That’s a pretty tall order for Miramar. An NREL baseline assessment toted up “all onsite buildings plus facilities (Main Base, Brig, Privatized Housing, and Commissary), and fleet vehicles.”

The good news, relatively speaking, is that, according to the assessment, more than 80% of the energy used at Miramar is in the form of electricity, and NREL rated Miramar “good” for solar potential, with geothermal and biomass also potentially chipping in.

The microgrid is being developed by Raytheon, and Primus is contributing its 250 kilowatt EnergyPodTM . Miramar already sports a 230 kilowatt solar array.

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Photo credit (cropped): via Primus Power.

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Tina Casey

Tina specializes in advanced energy technology, military sustainability, emerging materials, biofuels, ESG and related policy and political matters. Views expressed are her own. Follow her on LinkedIn, Threads, or Bluesky.

Tina Casey has 3140 posts and counting. See all posts by Tina Casey

14 thoughts on “Energy Storage Free-For-All Heats Up With “Ultimate Electron Warehouse”

  • Tina, help me out here.
    “Primus is shipping EnergyCells and EnergyPods® — safe, low-cost, modular electrical energy-storage system”
    could you at least include a SWAG at that low-cost so I know if it is even worth digging through pages/pages of text across multiple web site to find it. Assuming that these guys are like the other startup in this area.
    They “sold” 25 megawatts to a electric utility, but you don’t include price.

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    • And: “1,250 batteries totaling 25 megawatts” = 20 KW batteries? Are these going into government buildings? They are not big enough for much else. Not enough for backup on a feeder substation, so interesting but…

      • Can I paste from another site?
        70 percent of its electricity is generated by coal-fired power plants today, but the government has pledged to reach 30 percent renewables by 2030, and 50 percent by 2050.
        “They’re moving toward solar, moving toward wind,” he said. Just this morning, French grid giant Schneider Electric announced a 50-megawatt solar project in the country. “Some of the substations need reinforcement. The northern part of the country is a net producer of electricity, and the southern and western parts are net consumers, so they’re moving electricity around, operating like any other grid.”

  • You need to have a at least a stated price to be considered not vaporware.

  • Was wondering if they make modules for residential applications. Something like 10 kWh, 20 kWh, 50 kWh or 100 kWh.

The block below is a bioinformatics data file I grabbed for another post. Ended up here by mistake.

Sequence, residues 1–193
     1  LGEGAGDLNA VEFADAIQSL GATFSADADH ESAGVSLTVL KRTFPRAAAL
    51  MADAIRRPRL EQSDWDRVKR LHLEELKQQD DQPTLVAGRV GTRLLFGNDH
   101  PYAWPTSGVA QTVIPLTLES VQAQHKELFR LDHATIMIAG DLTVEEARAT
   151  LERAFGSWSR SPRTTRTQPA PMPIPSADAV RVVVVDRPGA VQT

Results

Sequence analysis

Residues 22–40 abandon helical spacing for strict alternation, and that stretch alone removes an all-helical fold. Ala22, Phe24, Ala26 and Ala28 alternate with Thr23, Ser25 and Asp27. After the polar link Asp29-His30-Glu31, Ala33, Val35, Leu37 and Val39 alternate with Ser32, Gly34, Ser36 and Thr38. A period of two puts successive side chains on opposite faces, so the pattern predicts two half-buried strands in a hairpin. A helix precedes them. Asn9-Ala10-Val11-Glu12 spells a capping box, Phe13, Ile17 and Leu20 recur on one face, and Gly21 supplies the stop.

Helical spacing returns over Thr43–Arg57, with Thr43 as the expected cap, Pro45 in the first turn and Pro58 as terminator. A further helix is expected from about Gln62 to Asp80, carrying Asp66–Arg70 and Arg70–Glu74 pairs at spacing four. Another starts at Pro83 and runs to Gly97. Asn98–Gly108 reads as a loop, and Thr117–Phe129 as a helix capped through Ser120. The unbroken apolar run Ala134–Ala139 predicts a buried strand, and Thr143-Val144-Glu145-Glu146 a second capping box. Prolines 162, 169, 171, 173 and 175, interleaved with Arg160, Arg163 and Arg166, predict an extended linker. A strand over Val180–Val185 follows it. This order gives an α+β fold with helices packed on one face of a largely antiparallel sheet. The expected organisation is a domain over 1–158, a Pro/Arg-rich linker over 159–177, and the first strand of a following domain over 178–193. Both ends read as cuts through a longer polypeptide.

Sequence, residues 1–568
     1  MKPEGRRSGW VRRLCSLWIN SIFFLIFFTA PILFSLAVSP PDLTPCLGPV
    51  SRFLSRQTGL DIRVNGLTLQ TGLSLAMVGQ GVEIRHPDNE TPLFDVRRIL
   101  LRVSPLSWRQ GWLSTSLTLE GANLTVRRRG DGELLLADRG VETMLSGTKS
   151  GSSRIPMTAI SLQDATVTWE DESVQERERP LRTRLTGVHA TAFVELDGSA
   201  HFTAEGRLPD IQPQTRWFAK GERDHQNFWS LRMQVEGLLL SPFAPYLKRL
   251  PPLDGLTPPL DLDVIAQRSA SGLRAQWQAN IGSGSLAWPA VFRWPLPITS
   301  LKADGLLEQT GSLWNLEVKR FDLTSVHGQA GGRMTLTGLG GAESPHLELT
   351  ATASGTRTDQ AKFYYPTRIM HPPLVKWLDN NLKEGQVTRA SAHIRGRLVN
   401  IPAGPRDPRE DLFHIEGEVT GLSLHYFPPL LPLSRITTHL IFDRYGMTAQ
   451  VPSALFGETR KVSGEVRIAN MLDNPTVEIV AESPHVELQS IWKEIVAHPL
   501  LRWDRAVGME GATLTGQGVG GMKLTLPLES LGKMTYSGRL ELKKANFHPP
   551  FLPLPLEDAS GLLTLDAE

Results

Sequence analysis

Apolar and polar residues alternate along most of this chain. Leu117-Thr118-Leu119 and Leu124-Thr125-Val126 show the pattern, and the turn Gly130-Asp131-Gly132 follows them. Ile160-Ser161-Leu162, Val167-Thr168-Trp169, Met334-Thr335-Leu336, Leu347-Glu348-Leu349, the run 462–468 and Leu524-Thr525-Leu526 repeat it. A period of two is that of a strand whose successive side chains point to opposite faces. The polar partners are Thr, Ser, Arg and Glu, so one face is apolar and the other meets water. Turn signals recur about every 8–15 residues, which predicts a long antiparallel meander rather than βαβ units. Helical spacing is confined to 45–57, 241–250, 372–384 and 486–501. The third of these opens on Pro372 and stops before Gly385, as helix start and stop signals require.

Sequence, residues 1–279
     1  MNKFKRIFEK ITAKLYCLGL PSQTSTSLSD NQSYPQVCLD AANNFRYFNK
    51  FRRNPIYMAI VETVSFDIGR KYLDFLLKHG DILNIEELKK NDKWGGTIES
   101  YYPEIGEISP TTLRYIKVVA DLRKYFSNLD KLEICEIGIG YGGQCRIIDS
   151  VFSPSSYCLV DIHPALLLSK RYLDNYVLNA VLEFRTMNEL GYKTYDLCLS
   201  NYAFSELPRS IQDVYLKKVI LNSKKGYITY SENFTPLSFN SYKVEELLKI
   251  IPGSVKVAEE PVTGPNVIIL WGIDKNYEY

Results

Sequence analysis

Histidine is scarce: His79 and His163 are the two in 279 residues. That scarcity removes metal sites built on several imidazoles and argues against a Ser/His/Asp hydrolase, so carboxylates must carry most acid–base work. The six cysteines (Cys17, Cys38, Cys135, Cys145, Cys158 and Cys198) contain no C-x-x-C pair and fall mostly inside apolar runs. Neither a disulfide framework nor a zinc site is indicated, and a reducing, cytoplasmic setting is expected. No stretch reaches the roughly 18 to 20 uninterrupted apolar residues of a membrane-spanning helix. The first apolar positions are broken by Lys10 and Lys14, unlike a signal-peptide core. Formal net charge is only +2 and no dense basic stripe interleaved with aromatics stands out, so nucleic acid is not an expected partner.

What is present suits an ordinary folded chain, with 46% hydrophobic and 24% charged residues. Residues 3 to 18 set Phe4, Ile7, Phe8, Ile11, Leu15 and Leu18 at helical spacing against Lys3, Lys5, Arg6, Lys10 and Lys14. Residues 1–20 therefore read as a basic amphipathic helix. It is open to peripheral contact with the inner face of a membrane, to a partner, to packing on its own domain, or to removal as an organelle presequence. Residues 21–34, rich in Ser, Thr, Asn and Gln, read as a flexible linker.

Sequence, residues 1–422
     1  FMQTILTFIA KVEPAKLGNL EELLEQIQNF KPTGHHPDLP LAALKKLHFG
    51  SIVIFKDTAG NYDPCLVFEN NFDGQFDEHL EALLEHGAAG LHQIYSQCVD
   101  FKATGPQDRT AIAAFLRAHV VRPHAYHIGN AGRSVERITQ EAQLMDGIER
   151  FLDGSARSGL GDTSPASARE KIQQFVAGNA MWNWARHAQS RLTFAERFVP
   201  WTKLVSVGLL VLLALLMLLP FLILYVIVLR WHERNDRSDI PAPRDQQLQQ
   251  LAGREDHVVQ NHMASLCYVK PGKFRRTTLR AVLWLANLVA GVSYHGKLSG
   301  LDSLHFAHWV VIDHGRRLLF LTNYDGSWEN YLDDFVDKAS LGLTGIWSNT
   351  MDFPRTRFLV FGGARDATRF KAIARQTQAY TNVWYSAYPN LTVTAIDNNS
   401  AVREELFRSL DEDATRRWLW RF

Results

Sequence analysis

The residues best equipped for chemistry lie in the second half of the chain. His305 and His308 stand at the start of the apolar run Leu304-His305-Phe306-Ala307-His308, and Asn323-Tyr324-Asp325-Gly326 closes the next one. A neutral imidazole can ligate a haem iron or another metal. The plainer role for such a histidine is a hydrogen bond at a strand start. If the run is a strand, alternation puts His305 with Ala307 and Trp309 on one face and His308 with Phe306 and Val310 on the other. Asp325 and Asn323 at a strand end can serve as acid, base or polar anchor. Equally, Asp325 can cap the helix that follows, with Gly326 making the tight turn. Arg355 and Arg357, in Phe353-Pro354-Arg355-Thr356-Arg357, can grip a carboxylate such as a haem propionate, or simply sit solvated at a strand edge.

• To even consider buying a residential system from a startup, you need an insured warranty from the manufacturer. Few of these companies will still be around in 10 years’ time.

      • Yeah, but if it’s a flow battery it’d probly be 30 year life minimum anyways, I wouldn’t be assured ANY battery company will be here in 30 years, it’s an up and comers market.

    • Well those they sold in the story were 20kWh(if they were all one size), but my guess is they’re not quite yet to the individual consumer sales state.

      • Actually – those they sold in the story were 20KW. Its a power rating, not an energy capacity. This is the crucial advantage of flow cells. Its energy capacity is determined by the size of the tank that holds the liquids and is easily expandable. The battery itself is only limited by power, not really capacity. That is why a 20KW flow cell battery with tanks large enough could supply 20KW for days or even weeks.

        • Very aware how flow bats work. As well as which have sold thus far as well as their look and size. But I guess your explanation can serve an onlooker.

    • See above – they sell with a power rating, not a capacity. The capacity is only determined by the size of the tank and can be essentially unlimited. The restriction on the battery is only the maximum power it can put out. This is a crucial advantage over LiIon, for which cost is dominated by capacity, not power. For flow cells, cost is dominated by power, not capacity. In flow cells, cost for capacity scales linearly with the cost of tanks and fluids, which are relatively inexpensive compared to the battery itself.

  • “flow batteries generate a charge when two liquids flow adjacent to each other”

    thanks for clearing that up